By Howard Pressman, CFP®
CERTIFIED FINANCIAL PLANNER™
Egan, Berger & Weiner, LLC
I really enjoy a good scare; in fact I used to love horror movies. I say “used to” because I think the genre has become cheesy and silly, rather than scary. Current films rely on special effects instead of on plot and acting. Gratuitous blood and gore has replaced spine-chilling stories, masterfully brought to life. Think “Psycho,” “The Shining,” and “The Exorcist.” Those were classics.
But what are the five scariest financial mistakes I see people make? Those are classics, too
We’ll start at the bottom and work our way up to the truly terrifying.
5. Not Having a Plan. There are a lot of moving parts to consider when making good financial decisions for your family. Insurance, retirement, education, debt, investing, and much more must be coordinated in a deliberate fashion. Studies have shown that those with a comprehensive plan fare better than those without. Take Dr. Samuel Loomis for example. As Mike Myers’ psychiatrist in the “Halloween” film series, he had a plan. He had a good idea who the killer was, he knew where he might be able to find him, and he was prepared. And in the movie, those without a plan often wound up dead. (Spoiler alert!: In the end, it was Dr. Loomis who was the killer. Well, at least we all thought he was …)
4. Not Having an Investment Strategy. I know plenty of people who find investments scary, or at least intimidating. There are a lot of choices, and the financial services industry likes to toss around technical terms and acronyms with reckless abandon. According to the National Bureau of Economic Research, after two years of tenure, as many as 54 percent of employees are still using the default investment option in their 401k. Without evaluating the appropriateness of this investment given their age, goals, and attitudes, these employees are at best not making the most of this opportunity. At worst, they may be putting themselves at tremendous risk for a large loss, should the market sell off.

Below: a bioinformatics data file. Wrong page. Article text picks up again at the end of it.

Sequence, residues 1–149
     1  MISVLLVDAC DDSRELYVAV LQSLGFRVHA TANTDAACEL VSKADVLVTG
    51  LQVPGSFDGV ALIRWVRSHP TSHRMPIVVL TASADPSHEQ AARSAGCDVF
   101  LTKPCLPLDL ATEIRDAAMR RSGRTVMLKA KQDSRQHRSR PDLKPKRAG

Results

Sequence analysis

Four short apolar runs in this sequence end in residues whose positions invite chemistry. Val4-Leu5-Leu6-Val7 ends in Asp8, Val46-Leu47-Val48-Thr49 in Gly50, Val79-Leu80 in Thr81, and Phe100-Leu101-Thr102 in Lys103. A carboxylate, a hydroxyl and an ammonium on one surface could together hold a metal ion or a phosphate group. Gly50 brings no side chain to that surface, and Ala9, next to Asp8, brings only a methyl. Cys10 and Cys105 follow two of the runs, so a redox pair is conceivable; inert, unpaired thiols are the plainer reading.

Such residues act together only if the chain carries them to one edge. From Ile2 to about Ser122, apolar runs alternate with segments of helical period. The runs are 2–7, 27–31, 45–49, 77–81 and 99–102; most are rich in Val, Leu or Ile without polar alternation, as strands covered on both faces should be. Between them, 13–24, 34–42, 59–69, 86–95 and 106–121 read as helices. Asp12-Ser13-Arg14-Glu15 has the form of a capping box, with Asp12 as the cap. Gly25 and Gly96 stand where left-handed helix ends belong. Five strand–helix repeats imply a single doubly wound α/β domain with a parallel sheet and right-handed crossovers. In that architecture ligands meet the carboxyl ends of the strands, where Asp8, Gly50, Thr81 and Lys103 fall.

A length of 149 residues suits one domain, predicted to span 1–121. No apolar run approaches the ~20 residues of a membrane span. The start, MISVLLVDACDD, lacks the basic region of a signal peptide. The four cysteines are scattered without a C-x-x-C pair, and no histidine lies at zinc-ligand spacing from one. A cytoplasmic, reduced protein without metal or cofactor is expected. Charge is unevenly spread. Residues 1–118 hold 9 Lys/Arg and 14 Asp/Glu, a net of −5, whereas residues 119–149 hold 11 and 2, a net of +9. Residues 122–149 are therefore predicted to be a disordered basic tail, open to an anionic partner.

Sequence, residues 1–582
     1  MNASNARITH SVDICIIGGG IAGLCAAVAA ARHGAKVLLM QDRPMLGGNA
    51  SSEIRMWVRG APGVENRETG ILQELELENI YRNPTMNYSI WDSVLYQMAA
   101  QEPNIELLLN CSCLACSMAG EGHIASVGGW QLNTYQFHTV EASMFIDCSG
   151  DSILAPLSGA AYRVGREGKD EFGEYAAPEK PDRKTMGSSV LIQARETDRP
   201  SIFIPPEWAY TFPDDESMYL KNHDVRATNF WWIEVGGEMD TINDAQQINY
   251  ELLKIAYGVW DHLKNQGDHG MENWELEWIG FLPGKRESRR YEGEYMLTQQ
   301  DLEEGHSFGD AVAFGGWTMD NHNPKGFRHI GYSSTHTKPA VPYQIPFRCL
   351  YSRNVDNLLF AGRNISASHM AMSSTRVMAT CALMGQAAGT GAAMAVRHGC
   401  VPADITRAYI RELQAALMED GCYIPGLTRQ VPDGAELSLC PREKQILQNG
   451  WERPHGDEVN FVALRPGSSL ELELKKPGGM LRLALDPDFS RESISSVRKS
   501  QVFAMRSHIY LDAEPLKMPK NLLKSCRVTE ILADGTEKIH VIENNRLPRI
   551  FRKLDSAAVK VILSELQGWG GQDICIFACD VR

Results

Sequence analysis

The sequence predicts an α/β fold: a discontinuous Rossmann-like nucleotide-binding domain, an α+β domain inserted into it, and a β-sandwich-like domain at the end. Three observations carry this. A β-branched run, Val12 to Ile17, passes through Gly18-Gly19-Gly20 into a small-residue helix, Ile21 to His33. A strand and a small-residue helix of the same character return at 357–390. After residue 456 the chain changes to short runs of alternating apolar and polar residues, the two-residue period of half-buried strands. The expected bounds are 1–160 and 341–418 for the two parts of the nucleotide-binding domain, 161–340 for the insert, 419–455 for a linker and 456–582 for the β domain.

3. Not Having a Proper Estate Plan. Now this is really tailor-made for Halloween. Imagine being able to control your financial affairs … from beyond the grave! HAAAA HAAAA HAAAA! (That was my attempt at a Vincent Price style laugh—work with me here.) No, it won’t look like Michael Jackson’s “Thriller” video, but this is still pretty cool. Proper estate planning ensures that your wishes will be followed after your death and that a plan is in place in the event you are unable to make decisions for yourself. You can direct what happens to your money, your possessions, and even your children. A proper estate plan consists of a will, power of attorney, a living will, and perhaps a trust. What really sends shivers up my spine, though, is when parents of minor children don’t have a will in place to appoint someone to care for their kids if they’re no longer around.